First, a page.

|Project by Mike Robinson||posted 11-27-2010 11:17 PM||4000 views||12 times favorited||27 comments|
After several projects for the wife, new kitchen, bathroom and a few odd pieces of furniture, I was the given the green light for a hangout and place of my own (Yay finally!) Because I have several interests and hobbies besides woodworking; modeling, die-cast cars, and aviation related art, I wanted a place where I could put my stuff on display and not have it all packed away in boxes, plus a place where I can work from home on days when the weather is inclement or I just don’t feel like driving into the office. The only room in the house that was available was the basement, which was totally unfinished and served as a combination junk accumulation point, storage, modeling area and all around dust catcher. My goal was to take what you see in the last picture, and turn it into the first. I had 14 by 28 feet to work with, and She Who Must Be Obeyed gave her blessing that the entire basement was mine to do with as I please.
First order of business was to pack up stuff and do a major clean out, then work began. Because it’s all below grade, I wanted to make sure it was as waterproof as possible. The entire floor and cement block walls received three coats of Dry-Lok, and I installed a bigger sump pump with a battery back up just in case. Once the Dry-Lok was cured, I framed out the outter walls with 2×6 studs, because I wanted built-in cabinets for my die cast collection, and for additional insulation to keep the room comfortable. I prewired the room for audio and visual equipment and because my existing service panel was full, installed a 100 amp sub panel and ran new circuits for electric and lights, all under the watchful eye of my local neighborhood electrical inspector. Once the wiring was done, I used 3/4 MDF and my raised panel bit set to create the raised panel lower walls, and 1/2 drywall above. The MDF worked well, as my plan was to paint the walls rather than stain them, and it was far more economical to do that than glue up planks for the panels, as it took only 4 sheets to do the lower walls. I then installed the raised ceiling in the center, with recessed rope lighting going all the way around, concealed my mahogany trim. All the trim in the room is 3/4 mahogany, clear satin lacquered with no stain. the rest of the ceiling is a drop ceiling, which I was forced to use because of plumbing that ran below the level of the upstairs floor joists. The floor is a marvelous product called Allure Traffic Master, a vinyl plank flooring system that is easy to lay, requires no preinstall work and looks the real deal. I used Teak, but they also have it in lighter shades, as well as tile and stone effects. It can be found at Home Depot, and is in my opinion, the best flooring to install over concrete below grade, or above grade for that matter.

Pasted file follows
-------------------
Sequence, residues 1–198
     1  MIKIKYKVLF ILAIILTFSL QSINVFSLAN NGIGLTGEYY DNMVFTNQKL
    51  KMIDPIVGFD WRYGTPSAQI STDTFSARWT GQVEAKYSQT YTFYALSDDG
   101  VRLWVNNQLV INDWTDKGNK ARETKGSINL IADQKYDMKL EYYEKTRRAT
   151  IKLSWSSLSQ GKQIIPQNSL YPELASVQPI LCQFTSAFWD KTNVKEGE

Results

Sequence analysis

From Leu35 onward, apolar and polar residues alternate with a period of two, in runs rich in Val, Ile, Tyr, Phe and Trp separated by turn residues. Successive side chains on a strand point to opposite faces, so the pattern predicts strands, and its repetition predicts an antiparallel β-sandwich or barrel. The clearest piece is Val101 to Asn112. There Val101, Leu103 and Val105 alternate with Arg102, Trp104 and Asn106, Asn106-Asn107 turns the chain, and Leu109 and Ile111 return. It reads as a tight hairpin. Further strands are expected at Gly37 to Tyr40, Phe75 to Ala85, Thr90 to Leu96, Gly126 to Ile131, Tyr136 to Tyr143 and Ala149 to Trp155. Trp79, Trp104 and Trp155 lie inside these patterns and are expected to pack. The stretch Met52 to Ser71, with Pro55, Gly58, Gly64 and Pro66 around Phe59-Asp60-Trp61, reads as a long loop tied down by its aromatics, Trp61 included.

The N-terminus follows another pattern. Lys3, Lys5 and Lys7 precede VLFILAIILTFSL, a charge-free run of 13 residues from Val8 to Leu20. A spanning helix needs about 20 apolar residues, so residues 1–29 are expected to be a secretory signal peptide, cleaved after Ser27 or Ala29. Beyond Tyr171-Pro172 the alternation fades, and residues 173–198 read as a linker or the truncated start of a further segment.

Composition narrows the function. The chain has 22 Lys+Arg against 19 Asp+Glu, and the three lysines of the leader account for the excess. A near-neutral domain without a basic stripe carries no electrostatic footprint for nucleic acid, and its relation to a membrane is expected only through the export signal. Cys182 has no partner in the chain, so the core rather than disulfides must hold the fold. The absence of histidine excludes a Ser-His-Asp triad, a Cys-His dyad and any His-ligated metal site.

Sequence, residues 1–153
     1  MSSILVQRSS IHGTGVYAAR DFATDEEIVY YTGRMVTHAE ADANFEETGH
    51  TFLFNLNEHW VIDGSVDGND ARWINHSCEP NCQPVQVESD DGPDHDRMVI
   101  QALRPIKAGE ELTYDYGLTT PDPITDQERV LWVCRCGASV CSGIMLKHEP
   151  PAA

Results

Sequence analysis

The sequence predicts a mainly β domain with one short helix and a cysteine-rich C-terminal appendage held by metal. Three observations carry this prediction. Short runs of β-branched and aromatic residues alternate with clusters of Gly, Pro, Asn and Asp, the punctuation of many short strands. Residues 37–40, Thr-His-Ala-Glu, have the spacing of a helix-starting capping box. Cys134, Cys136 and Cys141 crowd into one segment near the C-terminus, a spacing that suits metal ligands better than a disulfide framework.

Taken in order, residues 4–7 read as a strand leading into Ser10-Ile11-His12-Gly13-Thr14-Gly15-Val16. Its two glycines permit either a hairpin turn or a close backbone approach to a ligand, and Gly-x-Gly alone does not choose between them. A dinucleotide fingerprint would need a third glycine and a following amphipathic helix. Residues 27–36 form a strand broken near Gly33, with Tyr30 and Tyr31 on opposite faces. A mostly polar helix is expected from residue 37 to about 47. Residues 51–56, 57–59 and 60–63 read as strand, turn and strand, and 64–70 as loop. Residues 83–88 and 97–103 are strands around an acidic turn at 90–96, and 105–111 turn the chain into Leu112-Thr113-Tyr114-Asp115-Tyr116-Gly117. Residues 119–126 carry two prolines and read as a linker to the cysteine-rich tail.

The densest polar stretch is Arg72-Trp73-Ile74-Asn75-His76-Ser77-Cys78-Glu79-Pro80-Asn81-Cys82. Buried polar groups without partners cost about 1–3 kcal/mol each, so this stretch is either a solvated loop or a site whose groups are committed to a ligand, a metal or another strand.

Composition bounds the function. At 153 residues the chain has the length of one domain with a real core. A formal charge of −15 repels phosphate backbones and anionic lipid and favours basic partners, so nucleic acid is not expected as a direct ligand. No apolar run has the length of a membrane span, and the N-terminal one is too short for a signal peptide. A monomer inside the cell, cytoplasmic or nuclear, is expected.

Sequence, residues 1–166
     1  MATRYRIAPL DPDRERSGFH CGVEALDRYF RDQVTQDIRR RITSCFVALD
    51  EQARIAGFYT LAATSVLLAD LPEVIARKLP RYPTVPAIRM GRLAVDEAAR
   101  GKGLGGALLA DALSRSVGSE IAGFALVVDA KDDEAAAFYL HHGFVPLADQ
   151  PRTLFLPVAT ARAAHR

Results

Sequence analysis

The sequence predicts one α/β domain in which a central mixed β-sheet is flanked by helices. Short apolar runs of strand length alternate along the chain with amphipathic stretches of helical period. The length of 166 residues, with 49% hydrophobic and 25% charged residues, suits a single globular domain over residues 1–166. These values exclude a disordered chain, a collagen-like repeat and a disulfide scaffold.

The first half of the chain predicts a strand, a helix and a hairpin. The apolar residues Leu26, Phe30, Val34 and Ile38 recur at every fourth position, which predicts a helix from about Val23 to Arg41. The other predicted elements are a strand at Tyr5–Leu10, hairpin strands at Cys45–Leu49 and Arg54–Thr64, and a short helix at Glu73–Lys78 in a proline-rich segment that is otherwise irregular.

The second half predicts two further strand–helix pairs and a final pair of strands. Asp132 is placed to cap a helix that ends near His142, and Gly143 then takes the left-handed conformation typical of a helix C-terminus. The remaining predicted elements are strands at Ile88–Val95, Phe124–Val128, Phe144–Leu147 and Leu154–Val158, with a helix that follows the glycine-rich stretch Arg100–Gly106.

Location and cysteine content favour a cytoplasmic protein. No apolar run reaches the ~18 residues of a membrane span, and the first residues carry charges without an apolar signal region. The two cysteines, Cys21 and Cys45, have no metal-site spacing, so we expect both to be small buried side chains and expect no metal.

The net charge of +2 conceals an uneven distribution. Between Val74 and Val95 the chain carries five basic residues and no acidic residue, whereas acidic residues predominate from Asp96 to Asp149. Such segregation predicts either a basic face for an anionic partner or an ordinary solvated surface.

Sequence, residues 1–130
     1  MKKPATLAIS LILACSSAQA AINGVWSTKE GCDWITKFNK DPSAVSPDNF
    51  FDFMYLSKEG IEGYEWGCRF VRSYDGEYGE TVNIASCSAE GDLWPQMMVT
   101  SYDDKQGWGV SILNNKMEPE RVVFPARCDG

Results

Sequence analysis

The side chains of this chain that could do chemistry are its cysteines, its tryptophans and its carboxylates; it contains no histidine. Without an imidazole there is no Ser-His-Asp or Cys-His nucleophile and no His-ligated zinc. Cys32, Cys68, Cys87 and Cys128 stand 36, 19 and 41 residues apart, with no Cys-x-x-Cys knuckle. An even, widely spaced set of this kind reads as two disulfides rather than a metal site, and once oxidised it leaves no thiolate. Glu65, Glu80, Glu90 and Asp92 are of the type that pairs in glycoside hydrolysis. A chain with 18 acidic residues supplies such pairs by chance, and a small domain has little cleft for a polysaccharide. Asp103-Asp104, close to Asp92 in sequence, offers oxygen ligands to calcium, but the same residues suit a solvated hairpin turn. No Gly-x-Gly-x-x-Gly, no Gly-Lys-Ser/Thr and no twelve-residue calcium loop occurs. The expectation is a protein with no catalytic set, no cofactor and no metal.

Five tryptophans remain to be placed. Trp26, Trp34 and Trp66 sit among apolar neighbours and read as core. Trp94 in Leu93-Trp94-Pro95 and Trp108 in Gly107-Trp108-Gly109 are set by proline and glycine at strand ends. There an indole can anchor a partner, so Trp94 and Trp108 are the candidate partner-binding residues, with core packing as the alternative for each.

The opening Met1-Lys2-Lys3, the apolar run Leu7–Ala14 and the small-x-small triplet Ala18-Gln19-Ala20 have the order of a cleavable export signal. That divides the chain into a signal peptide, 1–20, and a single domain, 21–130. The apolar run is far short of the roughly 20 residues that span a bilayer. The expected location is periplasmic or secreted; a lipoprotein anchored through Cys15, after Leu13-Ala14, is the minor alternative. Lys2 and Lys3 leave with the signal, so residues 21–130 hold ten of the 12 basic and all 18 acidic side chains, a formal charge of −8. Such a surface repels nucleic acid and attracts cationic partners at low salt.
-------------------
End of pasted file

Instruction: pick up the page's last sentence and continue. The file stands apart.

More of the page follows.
The display cabinets are constructed of 3/4 black melamine, edged in mahogany, with all the glass and mirrors cut to order. Lighting was installed, both LED for the main lights, then incandescent tube lights in housings made such that the light illuminates just the edge of the glass in the back giving an greenish glow to the rest of the glass shelf. The built in wall cabinets were constructed the same way using 3/4 black melamine with a mirror back, and glass shelves. A mahogany center support was installed after because the weight of the cars was bowing the glass shelves quite a bit. I have glass cut for the doors, but they have to be built yet. I opted to illuminate these with track lighting from the ceiling, rather than built in lighting. Mahogany credenzas provide more storage along the walls, and these can be moved around at whim to change the room layout if I need a change. Future additions will be red or maroon leather love-seat and recliner, as well as some end or coffee tables. A 40 inch Sony HD LCD TV along with my Old School stereo receiver and amplifier and I am as close to heaven as one can get.
I am very pleased with the end results, and I now have an escape from the estrogen permeated fog that envelopes this house at times. The only drawback is perhaps I did a TOO nice of a job on it, as I often have to shoo out teenagers because they like sitting down here and watching TV.
Thanks for looking,